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Travel Expenses Allowed Without Log Book
Cross References • Maki, T.C. Summary Opinion 2019-34 In general, travel expenses have strict substantiation requirements. A taxpayer must maintain records that include: • The amount of the expense, • The time and place of travel, • The business purpose of the expense, and • The business relationship between the taxpayer and persons provided meals. Courts generally require that the taxpayer produce a contemporaneous log book documenting the above information for each business trip taken. The taxpayer in this case regularly traveled to take care of and monitor timber on his land. The round trip from his residence to and from the land is about 300 miles for each visit. During the trips, the taxpayer would plant new trees and care for them so that they could be harvested for future timber sales. Two of his properties had trees with a harvest value of over $1 million. The taxpayer testified that in a previous year while he was very sick and not able to check on his land, the fir trees were illegally harvested. Commercial timber companies hire people to regularly check and patrol their timberland to curb or thwart illegal harvesting. The taxpayer was not able to afford the cost of hiring people to check and patrol his land. That is one of the reasons why he regularly visits his timber properties. The taxpayer maintained a log listing the days that he visited and stayed on the land. The log, along with other records, was maintained in the building he uses when visiting the land. During an IRS audit, the taxpayer used the log to make a summary of his visits during the tax year that was under audit. After he prepared the summary, the original contemporaneous logs and other records were stolen when the building in which they were maintained was vandalized. The summary reflected that the taxpayer was present at the properties a total of 161 days during the year at issue. The summary also reflects that the taxpayer made 47 round trips from his residence to the timber properties. Some visits were as short as one day, but most were three-day visits. For the year at issue, the taxpayer reported zero income on Schedule C for his timber activity. Expenses included $7,011 for travel, and $55,925 for away from home per diem. The IRS disallowed these two deductions because the taxpayer did not adequately substantiate the expenses with a contemporaneous log book. The Tax Court noted that the IRS did not question whether or not the taxpayer was engaged in a business activity or whether he was away from home when he visited the tim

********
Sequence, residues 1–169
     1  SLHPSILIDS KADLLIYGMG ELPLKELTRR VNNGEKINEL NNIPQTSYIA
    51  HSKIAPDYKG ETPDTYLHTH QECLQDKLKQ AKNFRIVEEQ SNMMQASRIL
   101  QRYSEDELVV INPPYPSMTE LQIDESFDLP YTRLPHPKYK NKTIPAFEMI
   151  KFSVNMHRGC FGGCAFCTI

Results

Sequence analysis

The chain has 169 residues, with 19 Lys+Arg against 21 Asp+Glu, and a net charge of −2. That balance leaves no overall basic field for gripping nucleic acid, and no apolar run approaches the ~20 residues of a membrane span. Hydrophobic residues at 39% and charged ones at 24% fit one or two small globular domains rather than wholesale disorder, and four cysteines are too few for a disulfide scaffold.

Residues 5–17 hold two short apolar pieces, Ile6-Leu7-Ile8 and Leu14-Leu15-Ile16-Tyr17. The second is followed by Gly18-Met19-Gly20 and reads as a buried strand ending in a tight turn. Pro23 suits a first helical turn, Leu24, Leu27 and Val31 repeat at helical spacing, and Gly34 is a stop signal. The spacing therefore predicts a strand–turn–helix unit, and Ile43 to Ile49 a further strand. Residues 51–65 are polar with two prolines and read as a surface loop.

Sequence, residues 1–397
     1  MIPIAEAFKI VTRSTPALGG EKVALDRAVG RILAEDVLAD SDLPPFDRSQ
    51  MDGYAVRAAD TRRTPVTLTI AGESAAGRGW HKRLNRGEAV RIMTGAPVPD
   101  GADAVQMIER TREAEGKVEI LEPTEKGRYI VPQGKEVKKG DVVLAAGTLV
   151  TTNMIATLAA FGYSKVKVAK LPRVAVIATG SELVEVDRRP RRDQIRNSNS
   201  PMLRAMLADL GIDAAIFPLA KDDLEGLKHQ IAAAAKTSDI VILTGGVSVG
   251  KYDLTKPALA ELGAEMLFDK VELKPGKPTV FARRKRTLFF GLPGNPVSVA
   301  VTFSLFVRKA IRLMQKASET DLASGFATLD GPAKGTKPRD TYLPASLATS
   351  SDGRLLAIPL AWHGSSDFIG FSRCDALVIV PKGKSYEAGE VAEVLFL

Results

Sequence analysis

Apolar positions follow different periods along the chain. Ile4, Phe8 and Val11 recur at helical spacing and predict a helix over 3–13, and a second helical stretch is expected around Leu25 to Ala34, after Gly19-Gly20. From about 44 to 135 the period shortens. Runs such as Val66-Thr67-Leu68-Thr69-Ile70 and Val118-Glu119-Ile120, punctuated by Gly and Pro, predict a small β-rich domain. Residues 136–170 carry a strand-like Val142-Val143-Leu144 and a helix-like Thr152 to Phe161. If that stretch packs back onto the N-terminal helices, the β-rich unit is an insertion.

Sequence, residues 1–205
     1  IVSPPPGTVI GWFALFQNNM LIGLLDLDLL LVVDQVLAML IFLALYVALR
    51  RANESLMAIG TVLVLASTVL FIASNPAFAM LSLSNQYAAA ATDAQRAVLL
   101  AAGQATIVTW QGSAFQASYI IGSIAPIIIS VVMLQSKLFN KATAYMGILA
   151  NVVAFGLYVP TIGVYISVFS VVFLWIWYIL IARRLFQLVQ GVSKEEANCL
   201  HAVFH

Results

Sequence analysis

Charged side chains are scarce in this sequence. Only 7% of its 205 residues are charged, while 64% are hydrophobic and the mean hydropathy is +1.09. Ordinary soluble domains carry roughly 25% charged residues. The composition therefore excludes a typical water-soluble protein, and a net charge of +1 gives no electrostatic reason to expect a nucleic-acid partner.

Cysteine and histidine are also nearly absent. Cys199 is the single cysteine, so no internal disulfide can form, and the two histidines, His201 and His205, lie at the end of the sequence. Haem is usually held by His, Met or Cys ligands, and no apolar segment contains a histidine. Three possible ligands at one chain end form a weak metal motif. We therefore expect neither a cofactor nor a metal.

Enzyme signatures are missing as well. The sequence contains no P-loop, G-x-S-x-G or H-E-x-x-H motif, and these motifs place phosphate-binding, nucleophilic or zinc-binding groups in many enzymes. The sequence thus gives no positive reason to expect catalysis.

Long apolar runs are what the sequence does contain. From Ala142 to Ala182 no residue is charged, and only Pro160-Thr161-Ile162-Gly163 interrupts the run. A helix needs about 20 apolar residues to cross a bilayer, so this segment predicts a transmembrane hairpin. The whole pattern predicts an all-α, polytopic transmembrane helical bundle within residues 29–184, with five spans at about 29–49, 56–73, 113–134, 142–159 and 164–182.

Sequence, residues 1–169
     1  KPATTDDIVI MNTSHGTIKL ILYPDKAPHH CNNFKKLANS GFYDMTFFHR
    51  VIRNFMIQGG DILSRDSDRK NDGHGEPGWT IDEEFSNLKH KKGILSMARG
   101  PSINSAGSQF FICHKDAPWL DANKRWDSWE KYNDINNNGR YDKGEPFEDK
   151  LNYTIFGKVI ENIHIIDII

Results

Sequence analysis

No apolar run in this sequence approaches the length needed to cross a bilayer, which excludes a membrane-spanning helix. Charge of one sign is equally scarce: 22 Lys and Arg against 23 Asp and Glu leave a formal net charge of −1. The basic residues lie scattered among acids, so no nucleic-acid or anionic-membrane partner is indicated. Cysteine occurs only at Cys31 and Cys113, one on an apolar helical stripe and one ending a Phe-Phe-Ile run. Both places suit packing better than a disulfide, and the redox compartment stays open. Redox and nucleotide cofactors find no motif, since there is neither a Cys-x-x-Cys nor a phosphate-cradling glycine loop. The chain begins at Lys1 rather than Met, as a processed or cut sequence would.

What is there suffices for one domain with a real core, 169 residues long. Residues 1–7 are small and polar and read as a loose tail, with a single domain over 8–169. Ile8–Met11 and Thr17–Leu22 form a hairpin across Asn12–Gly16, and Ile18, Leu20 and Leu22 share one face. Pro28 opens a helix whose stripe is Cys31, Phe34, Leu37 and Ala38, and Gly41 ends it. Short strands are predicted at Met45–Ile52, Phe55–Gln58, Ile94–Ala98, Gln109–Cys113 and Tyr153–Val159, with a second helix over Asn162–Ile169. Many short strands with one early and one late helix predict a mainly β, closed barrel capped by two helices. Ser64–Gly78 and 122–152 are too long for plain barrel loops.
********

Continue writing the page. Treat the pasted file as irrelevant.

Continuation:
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ber properties. The IRS only argued that the taxpayer did not substantiate his deductions by providing a log book. The court stated the taxpayer established a normal pattern of travel. He always traveled to the same locations. His testimony that he maintained a log is credible, and his summary presented as evidence to the court was extracted from that log book. The repetitive pattern of travel is easily verified because it was essentially the same each week. That fact along with the taxpayer’s credible testimony was sufficient to show the occasions on which he traveled to and visited the timber properties. The court also agreed that the travel expenses were ordinary and necessary because of the need to monitor the timber and to maintain and plant trees. The court agreed with the taxpayer that he made 47 trips and spent 161 days at his timber properties. The $7,011 for travel was allowed by the court because it reflected the permitted standard mileage rate for the total miles driven to and from the timber properties. The court reduced the per diem deduction to $7,406 to reflect the standard meal allowance for the number of days away from home. The per diem for lodging was not allowed because the taxpayer did not provide any evidence of the lodging expenses actually incurred in the timber activity during the year.
Receipts for expenses are not required for deducting the standard mileage rate or the standard meal allowance. Receipts for actual expenses are required to deduct lodging expenses. The per diem rate for lodging is only used to determine the amount of employer reimbursement that meets the accountable plan rules. Self-employed taxpayers who are not reimbursed for lodging cannot use the per diem rate method for deducting lodging expenses